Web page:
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Pensions, Mortgages and Investment Bonds

By: Lorna Elliott LLB (hons), Barrister - Updated: 28 Jun 2012 |
Mortgage Pension Investment Bond

Over recent years a lot of people have bought financial products that weren’t suited to their circumstances and didn’t know exactly what they were buying. A considerable number of these individuals may be victims of mis-selling and not realise that they may be entitled to make a claim.

Is Under-Performance Sufficient?

There is a difference between being mis-sold and under-performance of a financial product. If your endowment mortgage, investment bond or pension policy has not performed as expected, this does not necessarily mean you have been mis-sold. A lot of people may be put off by this, but the reality is that some people who bought under-performing financial products may not have been told about the risks involved in making the investment, or were otherwise incorrectly advised.

Why You Could Have Been Mis-Sold

Financial advisers and other sales people often received large commission on sales of these products and may have misled you into thinking your investment was very safe while in fact exposing you to considerable risk. In other cases, you may have been sold the wrong type of product for your circumstances, purely because some types of investment or pension products made the salesman more commission.


The property boom of the last few years has meant that a lot of people mortgaged and re-mortgaged, but may have been given the wrong advice when buying a mortgage. The Financial Ombudsman received over 7,000 mortgage complaints in 2009 alone. While the country struggles its way out of recession it may be that more homeowners will seek to challenge the advice that they were given when they took out their mortgage.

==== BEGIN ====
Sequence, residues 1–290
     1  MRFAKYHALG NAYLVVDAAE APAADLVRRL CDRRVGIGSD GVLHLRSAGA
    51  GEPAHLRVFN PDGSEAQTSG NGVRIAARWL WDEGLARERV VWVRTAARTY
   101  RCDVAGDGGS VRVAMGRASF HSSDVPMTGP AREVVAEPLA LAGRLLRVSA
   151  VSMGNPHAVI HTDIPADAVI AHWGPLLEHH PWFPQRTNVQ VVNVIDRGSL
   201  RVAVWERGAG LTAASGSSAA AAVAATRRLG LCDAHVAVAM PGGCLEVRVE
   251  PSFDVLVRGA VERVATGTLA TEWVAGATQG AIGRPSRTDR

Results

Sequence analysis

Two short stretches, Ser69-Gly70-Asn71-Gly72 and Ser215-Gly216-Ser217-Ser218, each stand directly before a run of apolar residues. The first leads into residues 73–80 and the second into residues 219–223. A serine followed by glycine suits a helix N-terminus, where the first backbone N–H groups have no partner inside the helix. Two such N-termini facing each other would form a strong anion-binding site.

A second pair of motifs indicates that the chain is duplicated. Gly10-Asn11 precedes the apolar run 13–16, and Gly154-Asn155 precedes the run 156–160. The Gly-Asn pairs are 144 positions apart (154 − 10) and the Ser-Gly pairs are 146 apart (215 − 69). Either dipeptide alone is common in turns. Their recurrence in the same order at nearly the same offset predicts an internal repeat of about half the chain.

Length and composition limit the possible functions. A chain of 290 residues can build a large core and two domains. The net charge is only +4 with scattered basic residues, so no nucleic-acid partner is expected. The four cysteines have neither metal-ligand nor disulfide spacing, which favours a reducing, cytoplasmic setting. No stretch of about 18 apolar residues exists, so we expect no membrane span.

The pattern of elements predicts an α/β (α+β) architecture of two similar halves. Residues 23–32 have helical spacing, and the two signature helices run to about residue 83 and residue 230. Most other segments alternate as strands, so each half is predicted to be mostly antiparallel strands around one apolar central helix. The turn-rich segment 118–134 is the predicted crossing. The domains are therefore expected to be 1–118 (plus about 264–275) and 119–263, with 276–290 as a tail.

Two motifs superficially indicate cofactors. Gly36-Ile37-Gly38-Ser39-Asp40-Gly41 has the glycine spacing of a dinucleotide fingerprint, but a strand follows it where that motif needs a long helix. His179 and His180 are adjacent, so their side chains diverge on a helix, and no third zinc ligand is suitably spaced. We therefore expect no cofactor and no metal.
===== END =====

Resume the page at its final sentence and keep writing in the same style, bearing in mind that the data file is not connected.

What to Do

There are time limits on being able to make a claim, which is why in recent years there has been a flurry of advertising for people who may have been mis-sold endowment mortgages. The general rule is that you can claim until six years after you were sold the product, or up to three years after you realised that you had been mis-sold.

You can choose to complain yourself by going to the Financial Ombudsman. Alternatively, you can take your case to a specialist financial mis-selling solicitor who will be able to advise you as to the merits of your claim and the next steps you should take. The vast majority of lawyers will be able to undertake cases that have merit on a no-win, no-fee arrangement.


Between 1988 and 1994 a lot of people in the UK were advised to take out personal pension plans, despite the fact that they may have had a better pension plan in place through their employers or another product they took out independently. As a result, the pensions regulator (Financial Services Authority) required the firms which sold the original pensions to carry out reviews of the pensions sold during that period and to compensate anyone who had suffered any financial loss. Although a lot of people have had reviews undertaken, there are still some who have not taken advantage of this process. If the firm that sold you your product has gone out of business, the FSA can review your pension themselves. In the event that you are eligible for compensation your case will be referred to the Financial Services Compensation Scheme which may make an award up to a maximum of £48,000.

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